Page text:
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Stone Age Economics

4.01  ·  Rating Details ·  198 Ratings  ·  23 Reviews
Stone Age Economics is a classic study of anthropological economics, first published in 1974. As Marshall Sahlinsstated in the first edition, "It has been inspired by the possibility of 'anthropological economics, ' a perspective indebted rather to the nature of the primitive economies than to the categories of a bourgeois science." Ambitiously tackling the nature of econo ...more
Paperback, 348 pages
Published December 31st 1974 by Aldine Transaction (first published February 1st 1974)
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Jul 27, 2016 Jan-Maat added it  ·  review of another edition
Recommends it for: the curious
I do not know what weird wanderings led me to this book. I was going to say that I'm not an anthropologist, but that seemed more than usually stupid, degree or no who doesn't study and learn about our fellows, who isn't taught something by them everyday?

So what's it about? The stone age appears to be pretty much over (apart from here and there) and so it's economics can hardly be relevant. But in a way the economics of the stone-age turn out to be oddly central because economic, social and polit
Kirk Sinclair
Sep 16, 2010 Kirk Sinclair rated it it was amazing
Stone Age Economics was a revolutionary work in cultural anthropology, debunking commonly held myths about "natural man" held at least since Thomas Hobbes and probably since the dawn of civilization. No informed anthropologists now question its basic thesis regarding the early economic expressions of our inherently social nature; some actually suggest it does not go far enough in viewing the life of nomadic cultures on their own terms. That may be so, but Stone Age Economics is to cultural anthr ...more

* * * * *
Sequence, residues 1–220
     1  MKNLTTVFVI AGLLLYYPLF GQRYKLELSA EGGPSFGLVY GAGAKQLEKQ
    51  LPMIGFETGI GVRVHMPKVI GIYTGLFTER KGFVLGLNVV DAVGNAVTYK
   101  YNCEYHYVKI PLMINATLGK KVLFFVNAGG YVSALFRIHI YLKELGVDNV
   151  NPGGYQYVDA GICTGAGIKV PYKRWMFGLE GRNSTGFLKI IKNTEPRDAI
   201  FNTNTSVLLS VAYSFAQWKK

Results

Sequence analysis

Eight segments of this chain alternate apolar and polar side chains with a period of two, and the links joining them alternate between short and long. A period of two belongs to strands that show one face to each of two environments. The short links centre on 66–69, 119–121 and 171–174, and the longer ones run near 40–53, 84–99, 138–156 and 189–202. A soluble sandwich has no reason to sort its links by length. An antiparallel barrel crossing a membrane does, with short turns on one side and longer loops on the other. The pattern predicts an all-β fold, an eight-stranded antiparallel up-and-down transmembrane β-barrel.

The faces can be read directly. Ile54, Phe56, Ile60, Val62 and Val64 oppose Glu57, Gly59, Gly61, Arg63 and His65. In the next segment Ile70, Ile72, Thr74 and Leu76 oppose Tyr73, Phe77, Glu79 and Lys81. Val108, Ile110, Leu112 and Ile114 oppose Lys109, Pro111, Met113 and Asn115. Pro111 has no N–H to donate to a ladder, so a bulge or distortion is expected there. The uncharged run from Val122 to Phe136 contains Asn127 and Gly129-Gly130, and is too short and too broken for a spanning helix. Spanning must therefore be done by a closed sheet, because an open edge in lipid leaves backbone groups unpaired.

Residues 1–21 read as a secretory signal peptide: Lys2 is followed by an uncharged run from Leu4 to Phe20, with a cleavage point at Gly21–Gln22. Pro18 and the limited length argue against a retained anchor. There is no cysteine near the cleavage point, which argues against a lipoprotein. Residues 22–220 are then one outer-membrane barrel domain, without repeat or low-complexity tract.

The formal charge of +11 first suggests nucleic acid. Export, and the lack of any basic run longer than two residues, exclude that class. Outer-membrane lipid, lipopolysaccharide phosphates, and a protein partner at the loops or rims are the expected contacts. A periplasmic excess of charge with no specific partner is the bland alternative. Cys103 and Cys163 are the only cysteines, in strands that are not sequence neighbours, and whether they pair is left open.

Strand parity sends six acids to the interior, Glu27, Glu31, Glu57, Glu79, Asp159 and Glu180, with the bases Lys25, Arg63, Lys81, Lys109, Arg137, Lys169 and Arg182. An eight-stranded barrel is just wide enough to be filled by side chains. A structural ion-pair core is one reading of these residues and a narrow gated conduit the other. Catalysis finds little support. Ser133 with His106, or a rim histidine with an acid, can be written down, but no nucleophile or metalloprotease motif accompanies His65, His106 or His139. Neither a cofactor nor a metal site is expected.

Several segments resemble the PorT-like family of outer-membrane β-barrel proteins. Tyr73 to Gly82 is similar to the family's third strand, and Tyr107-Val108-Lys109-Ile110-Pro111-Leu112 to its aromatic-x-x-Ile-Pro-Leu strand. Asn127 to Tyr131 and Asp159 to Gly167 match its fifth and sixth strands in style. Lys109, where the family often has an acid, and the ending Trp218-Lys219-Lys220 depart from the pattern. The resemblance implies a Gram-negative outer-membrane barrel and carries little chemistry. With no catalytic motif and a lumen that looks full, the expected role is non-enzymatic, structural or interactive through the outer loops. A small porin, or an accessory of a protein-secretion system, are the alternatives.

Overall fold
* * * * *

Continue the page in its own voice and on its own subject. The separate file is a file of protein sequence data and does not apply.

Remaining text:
Jul 15, 2009 Kellyann rated it really liked it
Shelves: non-fiction
Combines anthropology with economic theory, showing in passing how modern the supposed universals of economics actually are. Much of the book focuses on exploding the myth of the unhappy, overworked people of the Paleolithic. They were happy, took lots of naps, worked about 3-5 hours a day, had few (if any) wants or unmet needs. Spent much of their time dancing, eating, and chatting. Sounds like Eden . . .
Gary Bruff
I had wanted to read this book for a long time, and when the price dropped for the e-reader version I decided to buy it. I was in no way disappointed. Even though the book can be taken as a polemic against all economic and philosophical myths of human nature, Stone Age Economics has a charming grace to it. Having culled through a massive assortment of ethnographic texts, most of which dealing with the material conditions of 'primitive' peoples, Sahlins provides an astute empirical analysis on th ...more
Apr 28, 2012 Alex rated it really liked it
'…on evidence largely from these two groups [the Bushmen and the native Australians]. A good case can be made that hunters and gatherers work less than we do; and, rather than a continuous travail, the food quest is intermittent, leisure abundant, and there is a greater amount of sleep in the daytime per capita per year than in any other condition of society. ' [one study showed ~26 hrs/wk, another ~35/wk, a 3rd 15 but excluding cooking and preparation time; dependents are part of the calculatio ...more